For example you can do URL filtering without the Secure Internet Gateway, if you get the Umbrella proxy and AMP. That way you can get URL filtering with the path included, without the traffic even needing to touch a firewall, and it can work even if the traffic is encrypted! Amazing, right?

 

 

 

1 hour ago, leadeater said:

If I say I need URL filtering then I need URL filtering, not DNS.

The reason why I asked you several times what you meant was because "URL filtering" is not a well defined thing. URL filtering might be "I want to block domains", or it might be "I want to block certain paths". I wanted you to elaborate on what you meant because as I mentioned earlier, Cisco's FTD url filter for example can handle domains, sub domains, TLD and I believe it can do certs as well (filtering based on what cert the domain presents), but it can not do paths. So I wanted you to clarify if you needed filtering based on paths or domains.

 

 

1 hour ago, leadeater said:

You should be more careful about buying in to vendor marketing because what they say and what it is can not quite be or live up to that marketing, or actually be any different to competing vendors who are all vying for the same customers and due to necessity offer the same features as each other, even if one gets it first.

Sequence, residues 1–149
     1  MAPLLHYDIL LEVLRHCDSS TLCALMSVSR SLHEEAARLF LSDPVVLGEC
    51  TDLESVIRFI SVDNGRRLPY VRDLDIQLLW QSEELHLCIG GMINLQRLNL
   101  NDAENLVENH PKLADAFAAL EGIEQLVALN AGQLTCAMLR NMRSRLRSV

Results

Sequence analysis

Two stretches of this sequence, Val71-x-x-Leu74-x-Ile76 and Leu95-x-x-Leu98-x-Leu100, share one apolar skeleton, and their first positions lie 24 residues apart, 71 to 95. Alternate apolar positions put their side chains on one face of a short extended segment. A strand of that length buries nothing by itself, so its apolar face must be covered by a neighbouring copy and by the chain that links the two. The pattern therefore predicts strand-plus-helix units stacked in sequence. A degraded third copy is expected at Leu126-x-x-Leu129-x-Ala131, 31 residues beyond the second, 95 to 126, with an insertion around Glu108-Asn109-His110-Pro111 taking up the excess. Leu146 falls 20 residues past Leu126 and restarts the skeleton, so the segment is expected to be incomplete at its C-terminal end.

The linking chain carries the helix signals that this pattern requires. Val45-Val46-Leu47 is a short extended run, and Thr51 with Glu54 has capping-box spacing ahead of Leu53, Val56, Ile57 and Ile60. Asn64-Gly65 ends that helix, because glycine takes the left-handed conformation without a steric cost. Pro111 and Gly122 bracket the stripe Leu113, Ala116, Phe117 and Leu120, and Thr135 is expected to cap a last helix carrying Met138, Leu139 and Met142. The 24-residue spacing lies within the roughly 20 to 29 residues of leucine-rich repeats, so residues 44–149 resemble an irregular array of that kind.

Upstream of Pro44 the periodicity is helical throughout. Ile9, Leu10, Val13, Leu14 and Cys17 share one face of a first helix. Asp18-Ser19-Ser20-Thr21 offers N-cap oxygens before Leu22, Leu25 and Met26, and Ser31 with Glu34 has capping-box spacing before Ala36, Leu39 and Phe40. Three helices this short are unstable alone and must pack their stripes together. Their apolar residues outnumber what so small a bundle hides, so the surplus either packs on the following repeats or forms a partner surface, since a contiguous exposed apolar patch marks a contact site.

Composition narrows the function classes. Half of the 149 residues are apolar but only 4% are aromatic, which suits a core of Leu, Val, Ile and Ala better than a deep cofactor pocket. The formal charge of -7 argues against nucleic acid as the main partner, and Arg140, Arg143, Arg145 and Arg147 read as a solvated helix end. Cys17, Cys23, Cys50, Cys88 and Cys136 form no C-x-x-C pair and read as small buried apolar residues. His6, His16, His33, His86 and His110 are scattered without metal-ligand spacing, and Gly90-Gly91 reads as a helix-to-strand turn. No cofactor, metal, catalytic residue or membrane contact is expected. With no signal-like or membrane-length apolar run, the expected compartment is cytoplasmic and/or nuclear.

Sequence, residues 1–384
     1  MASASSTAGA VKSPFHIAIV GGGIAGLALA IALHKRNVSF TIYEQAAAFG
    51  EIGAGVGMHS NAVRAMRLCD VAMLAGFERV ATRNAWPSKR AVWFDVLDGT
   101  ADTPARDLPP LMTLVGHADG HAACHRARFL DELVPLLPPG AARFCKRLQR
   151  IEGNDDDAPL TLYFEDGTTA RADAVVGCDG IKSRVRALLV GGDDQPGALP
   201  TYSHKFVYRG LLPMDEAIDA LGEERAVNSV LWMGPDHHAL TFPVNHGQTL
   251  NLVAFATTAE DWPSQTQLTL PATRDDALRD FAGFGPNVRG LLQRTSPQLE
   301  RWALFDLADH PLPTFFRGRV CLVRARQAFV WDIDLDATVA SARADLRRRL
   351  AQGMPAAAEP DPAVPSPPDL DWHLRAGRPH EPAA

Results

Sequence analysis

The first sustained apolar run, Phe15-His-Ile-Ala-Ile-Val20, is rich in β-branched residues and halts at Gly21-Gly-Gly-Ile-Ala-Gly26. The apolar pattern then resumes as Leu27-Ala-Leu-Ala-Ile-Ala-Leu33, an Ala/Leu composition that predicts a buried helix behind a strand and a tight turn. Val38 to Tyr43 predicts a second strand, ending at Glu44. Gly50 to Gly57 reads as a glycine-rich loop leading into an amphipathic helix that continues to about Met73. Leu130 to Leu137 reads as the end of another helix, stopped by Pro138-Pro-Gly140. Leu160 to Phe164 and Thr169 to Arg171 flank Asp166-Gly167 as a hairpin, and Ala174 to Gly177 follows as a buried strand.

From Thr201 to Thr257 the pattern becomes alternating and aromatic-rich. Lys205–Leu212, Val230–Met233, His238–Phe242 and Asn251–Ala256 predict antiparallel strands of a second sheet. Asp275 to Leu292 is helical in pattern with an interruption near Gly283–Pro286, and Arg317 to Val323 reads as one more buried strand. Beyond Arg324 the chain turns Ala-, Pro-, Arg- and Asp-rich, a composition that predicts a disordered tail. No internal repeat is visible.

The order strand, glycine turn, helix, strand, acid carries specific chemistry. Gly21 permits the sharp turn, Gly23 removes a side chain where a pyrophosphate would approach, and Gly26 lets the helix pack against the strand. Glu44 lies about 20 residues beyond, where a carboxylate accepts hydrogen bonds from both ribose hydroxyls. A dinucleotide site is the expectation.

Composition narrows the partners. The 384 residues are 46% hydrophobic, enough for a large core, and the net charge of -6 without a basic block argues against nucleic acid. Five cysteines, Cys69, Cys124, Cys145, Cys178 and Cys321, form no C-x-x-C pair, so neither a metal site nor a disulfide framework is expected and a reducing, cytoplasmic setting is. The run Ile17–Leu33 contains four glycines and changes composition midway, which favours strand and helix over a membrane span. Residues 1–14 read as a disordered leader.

Of course. But my point is that when pretty much all security vendors all say the same thing, that encrypted traffic is already the majority and it will just keep being bigger and we need to change the way we approach network security, then I think it is foolish to just go "baww this new technology breaks how I have traditionally done things so I dislike it!", which is the impression I get from you in this thread.

Sorry but the Internet is going dark. You either adapt and learn how to live and deal with encrypted web traffic, or you need to get a new job. Because it won't stop just because you want traffic to be in clear text.

 

Want to block all URLs with a specific word in them, even if it's in the path? Then get a proxy, or something end-point based. Or some other way of getting around the fact that you will not be able to see the content of the IP packets in-transit. You don't really have a choice.

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8 minutes ago, LAwLz said:

Other vendors supports it htough, like Fortigate. Not sure which vendor you use at your job, but be prepared to rework your security methodology in the near future, because the way you do it now will be outdated and broken.

Fortigate.

 

Well it won't be broken either it'll just force people to start breaking HTTPS altogether which is worse, I do think you agree with that, that it is worse?

 

Honestly I have no intention of really debating this at all or starting said argument, my first post explains why I don't think it'll happen soon and for the reasons I gave. Those requirements are not going away just because there are efforts to increase security and encryption which is not a bad thing but there can be unintended outcomes from that that need solutions that don't yet exist, which I said will at some point but they don't right now.